Catalina Island – The land of mooring buoys

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We had a rip roaring close hauled sail from Long Beach to Catalina on the tail end of an early season winter storm. P1020878 (1280x960) We had hoped to anchor at Emerald Cove on the NE side of Catalina Island for a few nights but we didn’t find room. I would guess that the mooring field has grown since the last edition of Charlie’s Charts came out. So we moved quickly to Two Harbors before dark and anchored in our deepest anchorage yet – 80 feet!

The next night we enquired about the cost of mooring at Emerald Cove and Two Harbors and found out that they cost $32 per night and the cost at the fancy resort town of Avalon is $28 per night so we moved to Avalon with the vague intention of staying two nights.

P1020877 (1280x960)Avalon was exactly what we expected – for good and for bad. That was good because we had decided that the good aspects (fun town to walk around, generally high level of cheese, warmer waters and weather, boater social community) would outweigh the bad aspects (generally high level of cheese, close proximity to other boats who run engines and generators all day, chaos). And they did – I’m glad we went and experienced the madness that is boating in Avalon.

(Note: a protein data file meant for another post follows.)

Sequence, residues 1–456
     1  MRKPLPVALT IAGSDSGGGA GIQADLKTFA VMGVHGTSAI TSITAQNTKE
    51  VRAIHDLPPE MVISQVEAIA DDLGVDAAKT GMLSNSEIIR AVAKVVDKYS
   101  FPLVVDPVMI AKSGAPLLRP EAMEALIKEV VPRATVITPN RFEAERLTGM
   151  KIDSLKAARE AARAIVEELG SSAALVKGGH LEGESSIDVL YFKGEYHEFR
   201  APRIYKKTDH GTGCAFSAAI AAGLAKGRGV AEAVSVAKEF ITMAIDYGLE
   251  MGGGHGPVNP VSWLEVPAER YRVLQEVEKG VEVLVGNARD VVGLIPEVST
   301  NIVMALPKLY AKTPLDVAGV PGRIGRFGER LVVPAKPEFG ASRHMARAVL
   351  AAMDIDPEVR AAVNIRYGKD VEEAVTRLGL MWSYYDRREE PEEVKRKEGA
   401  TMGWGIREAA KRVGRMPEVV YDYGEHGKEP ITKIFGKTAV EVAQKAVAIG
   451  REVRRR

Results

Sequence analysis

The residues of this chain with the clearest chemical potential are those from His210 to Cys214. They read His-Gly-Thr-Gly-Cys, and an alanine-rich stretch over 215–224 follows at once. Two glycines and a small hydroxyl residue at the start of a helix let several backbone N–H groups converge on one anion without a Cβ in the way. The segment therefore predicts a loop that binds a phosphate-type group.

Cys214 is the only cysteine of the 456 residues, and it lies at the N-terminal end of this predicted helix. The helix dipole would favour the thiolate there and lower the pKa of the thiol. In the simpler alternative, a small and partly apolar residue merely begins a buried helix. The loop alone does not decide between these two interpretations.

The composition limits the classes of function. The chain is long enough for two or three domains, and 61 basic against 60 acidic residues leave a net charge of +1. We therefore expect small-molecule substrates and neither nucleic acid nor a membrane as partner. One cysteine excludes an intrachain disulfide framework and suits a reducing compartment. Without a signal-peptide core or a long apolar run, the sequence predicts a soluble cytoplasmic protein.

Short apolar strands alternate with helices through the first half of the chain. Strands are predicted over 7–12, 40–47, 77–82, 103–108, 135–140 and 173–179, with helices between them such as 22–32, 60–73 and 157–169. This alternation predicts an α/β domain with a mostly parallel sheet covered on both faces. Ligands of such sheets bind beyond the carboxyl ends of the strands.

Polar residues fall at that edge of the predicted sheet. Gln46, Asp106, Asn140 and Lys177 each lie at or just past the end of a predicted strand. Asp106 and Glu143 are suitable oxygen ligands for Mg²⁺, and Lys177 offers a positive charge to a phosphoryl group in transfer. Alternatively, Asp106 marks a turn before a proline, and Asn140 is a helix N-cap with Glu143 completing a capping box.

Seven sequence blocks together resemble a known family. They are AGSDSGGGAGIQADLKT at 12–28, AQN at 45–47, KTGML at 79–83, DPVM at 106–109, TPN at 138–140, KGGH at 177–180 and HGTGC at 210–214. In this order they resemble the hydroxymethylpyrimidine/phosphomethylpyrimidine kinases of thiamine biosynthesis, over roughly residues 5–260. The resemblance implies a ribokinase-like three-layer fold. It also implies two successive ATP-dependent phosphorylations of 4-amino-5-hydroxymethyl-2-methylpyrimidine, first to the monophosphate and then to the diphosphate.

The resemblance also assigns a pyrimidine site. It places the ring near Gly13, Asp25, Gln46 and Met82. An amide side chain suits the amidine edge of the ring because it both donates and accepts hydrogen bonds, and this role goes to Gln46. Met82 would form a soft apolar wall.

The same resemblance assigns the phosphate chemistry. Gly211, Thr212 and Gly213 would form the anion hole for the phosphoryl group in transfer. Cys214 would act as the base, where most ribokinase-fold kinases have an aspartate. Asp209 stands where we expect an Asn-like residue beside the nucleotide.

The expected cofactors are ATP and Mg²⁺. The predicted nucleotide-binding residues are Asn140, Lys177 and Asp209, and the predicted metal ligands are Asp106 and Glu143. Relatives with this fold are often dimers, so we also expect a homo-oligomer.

Catalina also felt like the turning point in the weather. We've had on and off heat and sun since we arrived in California but since Catalina it has been gorgeous and at Catalina the water was a beautiful emerald and, not exactly warm, but a bit warmer.

I will say however, that we left after one night instead of staying two because, if Catalina is the land of mooring buoys, then Avalon is the land of odd regulations. P1020917 (960x1280) For example, there are several dinghy docks but you can take a kayak to only one (the furthest from town). Um…why??! Also, we said we were thinking of two nights but when we told them at 8:15am that we wanted to stay a second, they said fine and they would find another buoy for us. This meant that our lazy morning was going to be ruined by threading through the mooring field to a second location (and we must vacate ours by 9AM).

Because we were already going to be underway instead of cooking a big breakfast and lounging in the cockpit, we declined to stay a second night and instead took a day hook at the South end of the island at the Palisades and had an absolutely perfect sail overnight all of the way to Mission Bay, San Diego.

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